Materialty & New Media Materials
Determining the material properties of digital objects has become an increasingly pressing line of inquiry within media studies and art history alike (Kirschenbaum 2008; Graham&Cook 2010; Krysa 2006). According to Gittelman (2007), the 20thcentury ascent of computation and information culture gave rise to an elusive form of digital materiality, with significant conceptual, ethical and ecological implications (Bennett 2010). While a considerable amount of contemporary scholarship asserts the historical necessity of an object-oriented (re)turn to the material realm (Harman 2012; Meillasoux 2012; Hamilton 2011), these projects have been unable to contend with digitality, focusing instead on the physically robust supports of computer interaction (screens, hard-drives, network wires). This struggle is simultaneously indicative of the conceptual aporia inherent to speaking of matter in general (insofar as matter is no longer matter-as-such once formalized) and also the difficulty of ontologically delineating between spectral representation and digital (or computational) material.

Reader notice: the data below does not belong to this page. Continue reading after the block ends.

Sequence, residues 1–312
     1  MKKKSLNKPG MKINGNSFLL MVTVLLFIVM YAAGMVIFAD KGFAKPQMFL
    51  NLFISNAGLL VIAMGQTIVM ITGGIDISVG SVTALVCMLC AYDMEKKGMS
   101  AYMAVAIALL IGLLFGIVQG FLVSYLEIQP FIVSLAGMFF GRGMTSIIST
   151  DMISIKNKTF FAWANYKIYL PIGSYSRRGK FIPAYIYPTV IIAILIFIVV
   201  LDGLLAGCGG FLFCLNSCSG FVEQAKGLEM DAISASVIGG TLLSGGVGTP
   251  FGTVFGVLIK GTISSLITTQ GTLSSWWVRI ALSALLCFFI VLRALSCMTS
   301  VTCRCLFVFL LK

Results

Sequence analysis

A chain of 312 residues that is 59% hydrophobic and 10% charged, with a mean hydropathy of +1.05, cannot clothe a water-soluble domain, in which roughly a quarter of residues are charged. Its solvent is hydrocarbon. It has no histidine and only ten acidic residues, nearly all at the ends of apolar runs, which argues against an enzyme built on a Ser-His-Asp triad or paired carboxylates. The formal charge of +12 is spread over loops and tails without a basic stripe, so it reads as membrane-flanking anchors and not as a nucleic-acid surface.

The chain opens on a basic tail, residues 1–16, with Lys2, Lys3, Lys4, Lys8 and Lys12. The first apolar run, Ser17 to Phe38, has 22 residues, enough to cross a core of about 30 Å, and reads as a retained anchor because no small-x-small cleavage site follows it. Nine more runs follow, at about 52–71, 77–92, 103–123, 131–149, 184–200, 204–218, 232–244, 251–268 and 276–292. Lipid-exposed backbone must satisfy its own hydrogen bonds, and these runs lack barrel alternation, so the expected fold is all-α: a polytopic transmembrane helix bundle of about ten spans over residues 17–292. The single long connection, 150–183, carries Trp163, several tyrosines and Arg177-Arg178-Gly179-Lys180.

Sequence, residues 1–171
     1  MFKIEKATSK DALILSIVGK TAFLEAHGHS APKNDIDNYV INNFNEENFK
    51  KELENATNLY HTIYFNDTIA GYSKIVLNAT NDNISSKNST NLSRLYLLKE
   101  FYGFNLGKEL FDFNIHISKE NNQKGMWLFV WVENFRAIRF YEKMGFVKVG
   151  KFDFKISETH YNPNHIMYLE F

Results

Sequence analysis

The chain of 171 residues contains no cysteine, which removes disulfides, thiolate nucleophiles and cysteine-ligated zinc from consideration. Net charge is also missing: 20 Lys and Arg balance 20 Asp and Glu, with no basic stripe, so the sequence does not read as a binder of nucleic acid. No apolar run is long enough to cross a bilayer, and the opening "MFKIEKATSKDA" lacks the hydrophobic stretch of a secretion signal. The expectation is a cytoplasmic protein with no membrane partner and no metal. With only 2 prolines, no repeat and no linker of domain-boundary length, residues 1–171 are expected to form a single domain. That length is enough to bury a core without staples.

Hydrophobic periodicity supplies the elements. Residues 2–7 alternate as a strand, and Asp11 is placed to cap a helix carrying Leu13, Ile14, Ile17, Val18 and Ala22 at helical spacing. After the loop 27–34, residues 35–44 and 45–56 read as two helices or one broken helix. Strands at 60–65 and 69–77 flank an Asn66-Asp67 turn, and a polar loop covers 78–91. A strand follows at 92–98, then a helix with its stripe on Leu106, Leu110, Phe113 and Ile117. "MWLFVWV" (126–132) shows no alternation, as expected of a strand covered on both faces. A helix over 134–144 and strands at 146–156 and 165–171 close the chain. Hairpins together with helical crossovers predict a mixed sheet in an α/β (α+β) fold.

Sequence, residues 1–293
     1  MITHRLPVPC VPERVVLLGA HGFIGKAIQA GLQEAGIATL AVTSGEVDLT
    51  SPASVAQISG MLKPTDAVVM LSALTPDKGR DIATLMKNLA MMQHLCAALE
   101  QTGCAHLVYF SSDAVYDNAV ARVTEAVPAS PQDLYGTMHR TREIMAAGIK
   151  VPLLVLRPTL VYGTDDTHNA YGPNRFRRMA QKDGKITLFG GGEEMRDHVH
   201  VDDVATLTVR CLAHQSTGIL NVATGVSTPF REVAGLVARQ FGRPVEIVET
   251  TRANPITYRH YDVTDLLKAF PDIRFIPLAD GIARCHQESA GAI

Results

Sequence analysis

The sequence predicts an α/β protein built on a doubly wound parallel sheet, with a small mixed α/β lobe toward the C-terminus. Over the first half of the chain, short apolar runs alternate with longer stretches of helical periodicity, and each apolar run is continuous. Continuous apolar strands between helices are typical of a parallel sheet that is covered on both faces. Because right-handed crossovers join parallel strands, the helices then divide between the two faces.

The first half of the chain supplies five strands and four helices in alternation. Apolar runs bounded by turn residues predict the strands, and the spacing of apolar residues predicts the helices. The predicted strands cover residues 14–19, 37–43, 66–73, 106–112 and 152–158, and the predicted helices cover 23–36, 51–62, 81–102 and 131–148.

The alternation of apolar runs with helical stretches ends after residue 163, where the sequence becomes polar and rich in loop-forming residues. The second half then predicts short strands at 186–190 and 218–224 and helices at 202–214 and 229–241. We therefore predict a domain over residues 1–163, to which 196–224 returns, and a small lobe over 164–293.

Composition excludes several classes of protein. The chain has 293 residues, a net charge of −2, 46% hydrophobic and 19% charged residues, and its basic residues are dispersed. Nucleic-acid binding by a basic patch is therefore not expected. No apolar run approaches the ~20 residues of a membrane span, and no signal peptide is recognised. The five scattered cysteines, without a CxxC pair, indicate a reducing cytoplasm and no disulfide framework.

According to Joanna Drucker (2009), new media art and art-making practices have a critical contribution to make within contemporary explorations of digital materiality. While philosophical modes of inquiry have proven ill-equipped to fully navigate questions concerning matter, the practices of making that articulate new media works typically oblige artists to pry open the proverbial “black-boxes” built up around technologies, leaving them to face and intra-act (Barad 2009) with the materiality of the things themselves
Building on philosophical intersections of computation, representation and matter, and drawing upon material-driven interviews conducted with new media artists, the paper that I am proposing reveals and explores how new media (art) materials might aid in overcoming the conceptual aporias present within broader discourses on digital materiality. My paper tentatively introduces novel, grounded philosophical meditations, with significant implications for the history of New Media Art, while also further legitimizing arts-based research as rich sites for investigation with broad implications.
RIXC Centre of New Media Art
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